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Iowa State upsets No. 17 Oklahoma 88-80

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AMES, Iowa — Trae Young might be the best freshman in America — but he wasn’t the best one in Ames on Saturday.

That distinction went to Iowa State’s Lindell Wigginton, who kept his undermanned team in contention before drilling the 3 that sent Young and the Sooners packing on the road yet again.

Wigginton upstaged Young by scoring 26 points and the Cyclones upset No. 17 Oklahoma 88-80 on Saturday, handing the Sooners their sixth consecutive loss on the road.

“In my mind, I feel like I’m one of the best guards in the country. Obviously Trae is one of the best guards in the country too,” Wigginton said. “We had a good matchup and I’m looking forward to the next one.”

Fellow rookie Cam Lard wasn’t bad either. He scored 19 points with 17 rebounds for the Cyclones (13-11, 4-8 Big 12), who beat a ranked team at home for the third time in a span of three weeks.

Iowa State built and then blew a 17-point lead, but Donovan Jackson’s 3 with 1:55 left put it ahead 80-77. Wigginton then beat the shot clock with a long 3 after a discombobulated possession, and Jackson hit a pair of free throws to clinch the win.

The Cyclones ran the Sooners (16-8, 6-6) out of the building in the first half, holding Young to just one 3 in the opening 19 minutes while building a lead that stretched to 40-23.

“We didn’t open the game like we wanted to. I thought Iowa State was sharp,” Oklahoma coach Lon Kruger said. “We’ve got to do a better job (on defense). We’ve got to commit more to it.”

Young finished with 22 points and 11 assists, but he was just 1 of 8 on 3s with six turnovers.

“I had some open looks I didn’t hit, that I usually do,” Young said.

The Sooners fought back behind their defense. They held Iowa State without a field goal for eight minutes and eventually tied the game at 71-all on Young’s layup with 4:55 left.

Christian James also had 22 points for Oklahoma, which last won on the road at TCU on Dec. 30.

THE BIG PICTURE

Oklahoma: The Sooners are going to have a tough time convincing the NCAA Tournament committee that they deserve a high seed unless they can start winning some games away from Norman. This one was there for them late, but Young couldn’t find the magic he has so often shown this season.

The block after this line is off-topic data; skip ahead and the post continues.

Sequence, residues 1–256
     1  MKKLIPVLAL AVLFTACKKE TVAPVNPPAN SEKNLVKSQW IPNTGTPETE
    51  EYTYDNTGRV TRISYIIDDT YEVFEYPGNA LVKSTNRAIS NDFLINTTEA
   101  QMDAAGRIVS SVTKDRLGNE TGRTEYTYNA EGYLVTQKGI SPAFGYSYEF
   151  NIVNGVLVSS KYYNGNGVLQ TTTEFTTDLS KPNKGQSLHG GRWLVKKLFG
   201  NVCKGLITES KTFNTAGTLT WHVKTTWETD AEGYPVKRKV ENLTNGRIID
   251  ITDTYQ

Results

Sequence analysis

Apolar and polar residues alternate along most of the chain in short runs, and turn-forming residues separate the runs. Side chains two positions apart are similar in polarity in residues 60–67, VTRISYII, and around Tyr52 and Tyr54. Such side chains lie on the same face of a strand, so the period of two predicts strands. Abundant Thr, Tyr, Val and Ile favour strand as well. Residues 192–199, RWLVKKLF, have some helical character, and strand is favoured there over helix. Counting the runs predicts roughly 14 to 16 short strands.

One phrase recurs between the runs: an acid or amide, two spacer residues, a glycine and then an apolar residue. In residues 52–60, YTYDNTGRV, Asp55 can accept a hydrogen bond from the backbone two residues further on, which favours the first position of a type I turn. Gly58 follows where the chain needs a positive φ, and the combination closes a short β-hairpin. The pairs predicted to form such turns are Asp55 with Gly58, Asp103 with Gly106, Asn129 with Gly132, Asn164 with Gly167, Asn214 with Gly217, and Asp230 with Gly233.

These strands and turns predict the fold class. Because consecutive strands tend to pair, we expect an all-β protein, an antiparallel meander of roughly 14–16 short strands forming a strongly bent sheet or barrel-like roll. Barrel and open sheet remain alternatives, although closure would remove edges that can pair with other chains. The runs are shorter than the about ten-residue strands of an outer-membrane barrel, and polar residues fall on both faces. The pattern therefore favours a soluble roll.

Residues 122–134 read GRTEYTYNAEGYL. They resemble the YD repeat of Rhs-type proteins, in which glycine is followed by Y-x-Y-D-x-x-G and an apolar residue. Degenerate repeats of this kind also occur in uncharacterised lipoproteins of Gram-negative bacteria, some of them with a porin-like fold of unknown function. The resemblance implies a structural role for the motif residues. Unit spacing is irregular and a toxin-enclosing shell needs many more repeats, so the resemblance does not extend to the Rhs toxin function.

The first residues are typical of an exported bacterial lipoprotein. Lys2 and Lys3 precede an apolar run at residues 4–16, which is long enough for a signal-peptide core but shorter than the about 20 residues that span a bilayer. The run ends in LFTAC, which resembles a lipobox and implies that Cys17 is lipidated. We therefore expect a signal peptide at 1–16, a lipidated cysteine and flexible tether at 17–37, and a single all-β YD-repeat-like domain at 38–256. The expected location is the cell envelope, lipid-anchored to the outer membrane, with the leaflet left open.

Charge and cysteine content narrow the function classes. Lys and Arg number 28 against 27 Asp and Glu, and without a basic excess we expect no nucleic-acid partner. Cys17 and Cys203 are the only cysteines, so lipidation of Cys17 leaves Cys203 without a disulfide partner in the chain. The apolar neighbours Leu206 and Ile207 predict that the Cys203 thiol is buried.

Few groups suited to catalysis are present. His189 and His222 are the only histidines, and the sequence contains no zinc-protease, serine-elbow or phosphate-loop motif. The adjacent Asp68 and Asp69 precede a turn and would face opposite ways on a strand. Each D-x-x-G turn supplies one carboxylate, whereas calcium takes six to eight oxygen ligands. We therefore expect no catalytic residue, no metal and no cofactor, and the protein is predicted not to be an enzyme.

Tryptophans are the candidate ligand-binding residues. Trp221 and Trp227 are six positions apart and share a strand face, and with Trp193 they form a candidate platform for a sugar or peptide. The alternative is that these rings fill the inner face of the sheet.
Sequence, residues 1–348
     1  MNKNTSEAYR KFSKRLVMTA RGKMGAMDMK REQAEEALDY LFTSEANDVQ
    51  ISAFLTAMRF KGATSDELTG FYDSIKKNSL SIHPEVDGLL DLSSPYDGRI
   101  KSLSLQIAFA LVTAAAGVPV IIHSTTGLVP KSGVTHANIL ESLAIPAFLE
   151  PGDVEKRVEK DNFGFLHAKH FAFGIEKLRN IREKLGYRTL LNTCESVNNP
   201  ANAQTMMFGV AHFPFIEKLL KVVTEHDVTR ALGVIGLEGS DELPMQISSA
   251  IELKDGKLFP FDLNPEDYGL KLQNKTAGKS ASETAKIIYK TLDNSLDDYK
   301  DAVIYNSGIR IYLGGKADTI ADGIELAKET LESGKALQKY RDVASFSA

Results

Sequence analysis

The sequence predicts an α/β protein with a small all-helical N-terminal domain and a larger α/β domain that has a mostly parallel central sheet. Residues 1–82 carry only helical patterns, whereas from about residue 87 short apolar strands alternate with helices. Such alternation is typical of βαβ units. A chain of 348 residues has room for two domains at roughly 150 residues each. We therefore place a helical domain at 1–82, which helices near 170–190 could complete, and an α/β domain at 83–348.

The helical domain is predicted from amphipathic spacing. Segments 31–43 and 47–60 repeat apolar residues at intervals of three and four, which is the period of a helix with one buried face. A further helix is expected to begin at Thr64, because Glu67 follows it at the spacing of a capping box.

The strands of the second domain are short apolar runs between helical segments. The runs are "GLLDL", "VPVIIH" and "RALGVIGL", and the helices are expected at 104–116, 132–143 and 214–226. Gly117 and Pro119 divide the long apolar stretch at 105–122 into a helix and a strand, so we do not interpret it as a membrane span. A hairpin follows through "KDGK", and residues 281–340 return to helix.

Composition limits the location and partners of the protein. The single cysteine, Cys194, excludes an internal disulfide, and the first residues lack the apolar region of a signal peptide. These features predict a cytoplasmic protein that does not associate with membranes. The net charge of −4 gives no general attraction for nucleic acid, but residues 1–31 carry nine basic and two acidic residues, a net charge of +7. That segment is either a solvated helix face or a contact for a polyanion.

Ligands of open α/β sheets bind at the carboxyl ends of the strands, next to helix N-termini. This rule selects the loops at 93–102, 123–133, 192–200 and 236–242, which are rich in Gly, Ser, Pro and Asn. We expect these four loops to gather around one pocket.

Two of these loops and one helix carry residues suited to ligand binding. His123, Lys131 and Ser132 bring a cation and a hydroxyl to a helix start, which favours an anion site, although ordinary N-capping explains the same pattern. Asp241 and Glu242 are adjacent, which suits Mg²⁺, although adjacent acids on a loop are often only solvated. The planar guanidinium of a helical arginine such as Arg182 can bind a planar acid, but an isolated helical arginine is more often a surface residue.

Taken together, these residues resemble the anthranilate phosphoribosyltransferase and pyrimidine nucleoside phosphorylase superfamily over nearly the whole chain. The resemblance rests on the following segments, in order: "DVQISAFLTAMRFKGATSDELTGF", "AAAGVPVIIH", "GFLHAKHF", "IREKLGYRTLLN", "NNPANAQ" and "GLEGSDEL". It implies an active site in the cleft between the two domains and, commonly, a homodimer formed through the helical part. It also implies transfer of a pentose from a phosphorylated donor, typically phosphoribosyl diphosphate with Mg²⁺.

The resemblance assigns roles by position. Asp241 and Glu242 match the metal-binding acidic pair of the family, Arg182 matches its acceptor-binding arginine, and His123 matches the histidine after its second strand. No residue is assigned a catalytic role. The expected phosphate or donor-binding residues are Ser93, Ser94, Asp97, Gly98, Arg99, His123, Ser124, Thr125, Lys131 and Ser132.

Iowa State: The Cyclones were able to beat Young and the Sooners even without their own starting point guard, Nick Weiler-Babb, who was out yet again because of knee tendinitis. This was an admirable performance for a team with just eight players suited up to play. “Now we’ve got to string two together,” Iowa State coach Steve Prohm said. Jackson also scored 19 for Iowa State.

ROOKIE VS. ROOKIE

Young set up for a short jumper with Wigginton guarding him early in the first half. But Young, sensing a better shot, changed direction and instead lurched forward for an under-handed layup. But Wigginton wasn’t fooled, and he swatted Young’s shot into the stands. “Lindell is a good player. But it’s not just him,” Young said.

NOT SO YOUNG ANYMORE

Young on Saturday became just the third Big 12 freshman to score at least 700 points, joining Kevin Durant and Michael Beasley. Young is also just the second Sooner with that many points in a season, as Wayman Tisdale scored 810 points in his historic 1982-83 campaign. What was so remarkable about Young’s performance on Saturday was that it felt as though he was having a terrible game — and yet he still finished with a double-double.

POLL IMPLICATIONS

After losing to West Virginia at home and to the Cyclones on the road, Oklahoma might find itself out of Monday’s poll.

UP NEXT

Oklahoma plays at Texas Tech on Tuesday.

Iowa State hosts Kansas on Tuesday.

Former Penn coach allegedly took bribes from potential recruit’s father

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Former Penn head coach Jerome Allen allegedly took bribes from a Miami businessman who wanted his son to get into the school as a “recruited basketball player” — increasing his chances to gain entry to the Ivy League school.

According to a report from Bloomberg’s Michael Smith, David Voreacos and Eben Novy-Williams, Allen was involved with Miami businessman Philip Esformes, who had a son, Morris, who was allegedly recruited by several Ivy League schools. When Philip Esformes was accused of health-care fraud, money laundering, conspiracy and bribery, the government uncovered more than $74,000 in gifts that Esformes gave to Allen in 2013 and 2014.

Allen is identified strictly as “Coach-2” in the indictment that alleges that he took multiple cash payments, paid trips from Philadelphia to Miami, and a private jet trip that included Allen, Esformes and his son. The benefits are alleged to be $74,558 — including three separate wired payments of $15,000, $20,000 and $18,000 to Allen from Esformes.

These alleged incidents took place in 2013 and 2014, when Allen was still head coach at Penn and Morris Esformes was a high school basketball player trying to make it to the Division I level. Esformes was eventually granted admission to Penn as he was allegedly going to be on the basketball team. But Allen was fired before Esformes enrolled at the school. So Esformes went to school at Penn, but he never played for the basketball team. Esformes is currently still a senior at Penn.

Allen has been an assistant coach under Brad Stevens with the Boston Celtics since leaving Penn in 2015. He hasn’t been criminally charged for any of these alleged benefits while the NCAA also hasn’t been involved with anything yet.